Five Wasp Waist Press Exercises
12 october 2018
My strength is in the press. It is the center of gravity and the source of true power
Of all the perfectly developed parts of Bruce Lee’s body, the most striking was perhaps his abs. The actor had a wasp waist, perfectly traced abdominal muscles, as well as distinct and prominent serrated and intercostal muscles. In the book “Bruce Lee’s Training Rules” there is a description of a set of exercises that helped the great master to achieve such a result.
1. Raising the case
The variation that Bruce Lee preferred focuses on developing the muscles of the upper abdomen and intercostal muscles. He believed that the maximum efficiency from this movement can be achieved only if you perform many repetitions (15-20 times in one approach). For this exercise, you can use a special incline or press bench. Doing like Lee, you should lie on a bench with a strap around your feet, bend your knees slightly, and then twist your upper torso up and forward until your chest rests on your knees. Hold this position for one to two seconds, then slowly lower your back to the starting position. At the same time, Li kept his hands behind his neck and, while sitting, reached out with his left elbow to his right knee and, on the next bend, with his right elbow to the left knee. He believed that this twisting increased the efficiency of simply lifting the body.
2. Raising the legs
Raising the legs, Lee believed, worked well on the lower abs. Lie on your back on the bench, gripping the upright racks of the machine. Raise your legs 45 cm above the parallel line, then lower them slowly to the starting position. By doing this exercise on the bench, Lee took advantage from the start by raising his legs high off the floor, which allowed him a greater range of motion. Repeat the exercise as many times as you can. Lee also performed it by hanging from a pull-up bar. He raised his straightened legs to a position of 90 degrees to the body, then slowly lowered them down. In addition, he sometimes did vertical “scissors” with his feet on the last climb.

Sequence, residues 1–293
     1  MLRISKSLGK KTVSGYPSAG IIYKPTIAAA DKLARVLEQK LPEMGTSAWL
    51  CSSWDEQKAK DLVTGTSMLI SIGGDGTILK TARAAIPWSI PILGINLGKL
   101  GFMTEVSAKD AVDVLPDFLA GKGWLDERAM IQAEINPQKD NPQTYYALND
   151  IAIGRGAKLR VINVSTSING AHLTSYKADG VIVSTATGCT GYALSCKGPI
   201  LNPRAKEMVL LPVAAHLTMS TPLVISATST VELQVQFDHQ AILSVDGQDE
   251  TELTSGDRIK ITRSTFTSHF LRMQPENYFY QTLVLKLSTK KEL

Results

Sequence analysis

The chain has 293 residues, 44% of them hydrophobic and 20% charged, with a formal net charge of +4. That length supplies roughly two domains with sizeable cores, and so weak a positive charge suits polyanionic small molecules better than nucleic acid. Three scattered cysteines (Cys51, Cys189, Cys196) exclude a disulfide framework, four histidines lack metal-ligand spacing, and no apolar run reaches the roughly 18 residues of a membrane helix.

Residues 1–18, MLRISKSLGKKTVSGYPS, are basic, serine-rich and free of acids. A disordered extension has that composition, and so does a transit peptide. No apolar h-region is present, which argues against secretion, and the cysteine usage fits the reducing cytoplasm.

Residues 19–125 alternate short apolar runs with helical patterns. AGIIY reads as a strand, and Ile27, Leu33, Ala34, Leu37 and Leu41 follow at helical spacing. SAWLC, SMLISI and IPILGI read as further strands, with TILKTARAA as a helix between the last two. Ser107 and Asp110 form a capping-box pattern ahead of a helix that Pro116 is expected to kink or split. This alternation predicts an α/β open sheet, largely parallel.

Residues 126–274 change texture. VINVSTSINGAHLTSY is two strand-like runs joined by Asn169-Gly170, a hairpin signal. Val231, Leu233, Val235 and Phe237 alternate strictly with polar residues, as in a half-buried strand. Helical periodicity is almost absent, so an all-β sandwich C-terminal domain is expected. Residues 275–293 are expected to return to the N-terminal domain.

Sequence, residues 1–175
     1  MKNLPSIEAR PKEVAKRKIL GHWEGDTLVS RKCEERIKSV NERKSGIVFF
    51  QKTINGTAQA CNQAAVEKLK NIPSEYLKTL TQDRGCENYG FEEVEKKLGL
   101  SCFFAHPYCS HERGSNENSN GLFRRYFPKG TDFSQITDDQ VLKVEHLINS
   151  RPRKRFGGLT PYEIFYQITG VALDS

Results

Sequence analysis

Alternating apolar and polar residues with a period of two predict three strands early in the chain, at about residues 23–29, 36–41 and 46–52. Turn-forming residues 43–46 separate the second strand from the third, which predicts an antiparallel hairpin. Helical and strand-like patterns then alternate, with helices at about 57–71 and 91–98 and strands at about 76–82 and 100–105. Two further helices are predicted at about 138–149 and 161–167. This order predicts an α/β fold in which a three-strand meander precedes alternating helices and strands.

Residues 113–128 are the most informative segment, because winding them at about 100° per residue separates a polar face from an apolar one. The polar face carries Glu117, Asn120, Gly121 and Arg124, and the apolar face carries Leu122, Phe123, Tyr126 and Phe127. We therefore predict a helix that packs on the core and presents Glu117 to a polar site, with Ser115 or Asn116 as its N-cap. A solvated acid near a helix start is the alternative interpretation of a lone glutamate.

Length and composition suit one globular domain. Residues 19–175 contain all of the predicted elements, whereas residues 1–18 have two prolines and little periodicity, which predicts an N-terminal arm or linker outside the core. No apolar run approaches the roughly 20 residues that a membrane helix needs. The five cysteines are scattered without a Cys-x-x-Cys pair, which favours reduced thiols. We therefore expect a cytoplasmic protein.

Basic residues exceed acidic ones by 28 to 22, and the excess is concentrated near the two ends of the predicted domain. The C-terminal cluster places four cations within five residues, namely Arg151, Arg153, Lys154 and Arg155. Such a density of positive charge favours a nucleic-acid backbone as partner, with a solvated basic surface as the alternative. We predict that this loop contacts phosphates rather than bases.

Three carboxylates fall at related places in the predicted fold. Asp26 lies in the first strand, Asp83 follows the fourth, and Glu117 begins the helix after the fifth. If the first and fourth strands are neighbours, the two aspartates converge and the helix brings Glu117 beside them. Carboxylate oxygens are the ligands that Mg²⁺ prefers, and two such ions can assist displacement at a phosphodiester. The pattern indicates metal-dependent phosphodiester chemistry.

3. Turning the body in a tilt
This exercise can be performed both sitting and standing. Lee preferred the latter, believing it was easier to provide full range of motion. He included twists in his complex to develop the oblique muscles of the abdomen, the so-called “lifeline”, and to have a firm and strong waist. To perform this exercise, stand up straight with your legs straight, feet shoulder-width apart. Place a stick or an empty bar on your shoulders, lean forward as far as you feel comfortable. From this position, turn from the waist (the pelvis remains motionless) and try to reach with the left end of the stick to the right foot. Then immediately straighten up and repeat the exercise, this time trying to touch the right end of the stick to the left foot. Lee insisted that this movement requires a minimum of 50 reps.
4. “Frog” (lifting the knees while hanging)
This exercise stretches and shapes the waistline and at the same time helps to get rid of those extra centimeters in the lower abdomen. To perform this movement, simply hang on the pull-up bar and bring your knees up to your chest. Do 15-20 reps. This simple yet effective exercise works wonders for a sore back.
5. Side bends
Like twists and turns, bends work primarily on the oblique abdominal muscles. Stand with your legs wide apart, put your hands on your belt, hold a dumbbell in one hand. Tilt your upper body in the direction where you are holding the dumbbell until your arm is at the level of the knee joint. Be careful not to bend your legs. Then slowly return to the starting position, leaning slightly to the other side beyond the line perpendicular to the floor. Keep your elbows straight with the dumbbell and knees while moving. After completing two to four sets of 15-20 reps in one direction, shift the dumbbell to the other hand and repeat. Lee also pointed out that the bend should be done while exhaling, and straightening should be done while inhaling.
More exercises for different parts of the body, as well as training complexes – in the book “Bruce Lee Training Rules”
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